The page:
Saturday, November 12, 2011

The quietest kids of all, continued

A couple of weeks ago I posted about a strange occurrence in the weekly prize drawing that is part of our school’s behavioral rewards program (PBIS). Under the program, the teachers are continually giving kids rewards for “good behavior” (which usually means being passive and quiet), and then the kids turn those rewards in for entries into a weekly prize drawing. (I dislike the program for the many reasons stated here.) But that week, the prize-winners included one girl who had moved away weeks before, and one girl who had registered to attend the school but had never actually attended. I said that it raised questions about whether the school was being honest with the kids about how the prize winners are chosen.

I emailed the principal to ask about it, and she explained how it happened. The school keeps track of which students have won the weekly prizes. That week, when the principal happened to be out, someone decided to give prizes to all the kids who hadn’t won any so far this year. No one realized that the list contained the names of some kids who weren’t actually enrolled.

I consider that a pretty understandable and well-intentioned mistake. Once they’ve told the kids how the drawings work, they shouldn’t rig them; but I have a good deal of sympathy for the person who decided to make sure that nobody went that long without a prize. To me, it shows that not everyone at the school is entirely comfortable with the reality of PBIS. (It’s interesting that it occurred during a week when the principal was away.) Under PBIS, the rewards are supposed to be entirely conditional; otherwise, the incentive for the kids to comply with the school’s desires would be undermined. The natural result is that some kids will get more rewards and prizes than others, and that some may never get a prize. PBIS advertises itself as a “positive” alternative to punishment, but watching everyone else get rewards and prizes, while you’re getting none, seems a lot like punishment to me -- and apparently to someone at the school, too.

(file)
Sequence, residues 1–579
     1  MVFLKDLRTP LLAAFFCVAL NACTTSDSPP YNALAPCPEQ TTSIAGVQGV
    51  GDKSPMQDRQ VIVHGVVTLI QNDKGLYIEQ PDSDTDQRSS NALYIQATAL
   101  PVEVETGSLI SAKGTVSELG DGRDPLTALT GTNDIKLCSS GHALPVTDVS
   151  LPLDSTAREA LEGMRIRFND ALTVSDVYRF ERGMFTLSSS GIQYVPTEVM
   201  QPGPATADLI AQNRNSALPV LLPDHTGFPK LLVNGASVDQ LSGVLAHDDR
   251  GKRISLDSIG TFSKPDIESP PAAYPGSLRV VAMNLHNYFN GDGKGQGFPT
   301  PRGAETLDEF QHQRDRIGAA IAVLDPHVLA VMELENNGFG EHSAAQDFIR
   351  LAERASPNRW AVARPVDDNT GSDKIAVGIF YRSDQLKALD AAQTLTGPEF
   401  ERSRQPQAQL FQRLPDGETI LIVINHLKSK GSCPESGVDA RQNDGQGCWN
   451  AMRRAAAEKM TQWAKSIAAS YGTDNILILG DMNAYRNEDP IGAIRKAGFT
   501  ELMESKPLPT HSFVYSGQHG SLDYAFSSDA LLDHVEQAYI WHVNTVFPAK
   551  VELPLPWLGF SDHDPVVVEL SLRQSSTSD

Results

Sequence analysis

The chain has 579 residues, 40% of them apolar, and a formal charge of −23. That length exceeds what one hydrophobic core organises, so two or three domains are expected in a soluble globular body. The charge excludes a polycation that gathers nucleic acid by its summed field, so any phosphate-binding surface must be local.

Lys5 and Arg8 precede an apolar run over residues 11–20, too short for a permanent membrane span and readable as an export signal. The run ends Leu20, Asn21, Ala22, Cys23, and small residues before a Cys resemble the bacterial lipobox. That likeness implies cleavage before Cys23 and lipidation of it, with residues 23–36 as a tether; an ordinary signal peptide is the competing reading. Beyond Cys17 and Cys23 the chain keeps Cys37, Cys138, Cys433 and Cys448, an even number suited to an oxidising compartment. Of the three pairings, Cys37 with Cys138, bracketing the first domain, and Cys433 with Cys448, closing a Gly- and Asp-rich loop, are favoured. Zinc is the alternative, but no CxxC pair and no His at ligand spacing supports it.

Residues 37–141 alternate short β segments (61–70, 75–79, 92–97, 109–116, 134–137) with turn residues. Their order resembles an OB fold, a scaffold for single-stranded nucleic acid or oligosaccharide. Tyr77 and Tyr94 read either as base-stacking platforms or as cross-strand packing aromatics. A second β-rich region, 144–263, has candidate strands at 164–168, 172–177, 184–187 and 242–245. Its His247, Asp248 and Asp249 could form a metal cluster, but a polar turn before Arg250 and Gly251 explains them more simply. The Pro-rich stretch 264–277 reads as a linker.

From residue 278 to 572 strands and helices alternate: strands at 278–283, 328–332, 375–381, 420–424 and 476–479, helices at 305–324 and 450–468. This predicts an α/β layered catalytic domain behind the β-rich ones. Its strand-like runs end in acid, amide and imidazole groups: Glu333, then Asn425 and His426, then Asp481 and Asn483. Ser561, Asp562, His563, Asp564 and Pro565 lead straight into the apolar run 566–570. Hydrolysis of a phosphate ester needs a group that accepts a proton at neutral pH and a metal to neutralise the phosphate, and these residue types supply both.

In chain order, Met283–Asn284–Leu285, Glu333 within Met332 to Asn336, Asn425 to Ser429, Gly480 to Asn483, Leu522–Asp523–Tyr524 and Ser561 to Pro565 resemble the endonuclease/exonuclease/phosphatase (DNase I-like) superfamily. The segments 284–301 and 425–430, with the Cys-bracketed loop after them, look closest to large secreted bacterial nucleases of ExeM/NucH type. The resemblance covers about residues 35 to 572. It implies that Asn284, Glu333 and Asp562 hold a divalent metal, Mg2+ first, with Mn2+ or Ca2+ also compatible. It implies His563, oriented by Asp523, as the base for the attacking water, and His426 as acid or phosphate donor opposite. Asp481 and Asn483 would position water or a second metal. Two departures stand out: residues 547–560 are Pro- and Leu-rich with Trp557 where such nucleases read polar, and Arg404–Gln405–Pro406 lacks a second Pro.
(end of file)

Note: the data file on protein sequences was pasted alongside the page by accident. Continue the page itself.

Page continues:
Of course, some things in school will inevitably be conditional, and schools can never avoid punishment entirely. But that doesn’t mean we need to invent reasons to treat children like lab rats. School should be about engaging the students’ minds, not about manipulating their behavior. It should develop the kids’ ability to think for themselves, not encourage them to mindlessly chase whatever reward is dangled in front of them. It should focus on intellectual inquiry, not on unquestioning obedience.

Here’s what I really don’t understand. From the way the school sometimes acts, you’d think it was swarming with hordes of juvenile anarchists just barely being restrained from revolution by the school’s behavioral interventions. It is, in fact, a collection of relatively well-behaved kids in a relatively tame Midwestern college town -- not without its problems, but much closer to It’s a Wonderful Life than to A Clockwork Orange. On the whole, the teachers are good and the kids are trying hard. So why not make school about what goes on in the classroom -- where the school’s real strengths are -- instead of slathering everything with this thick layer of manipulative bullshit?

1 comment:

FedUpMom said...

Chris, I'm with you. The problems that people worry their pretty heads over in an affluent school district are amazingly trivial.

A friend of mine once got a phone call from the elementary school principal, telling her that her son was putting hot sauce on all his food before he ate it. So what?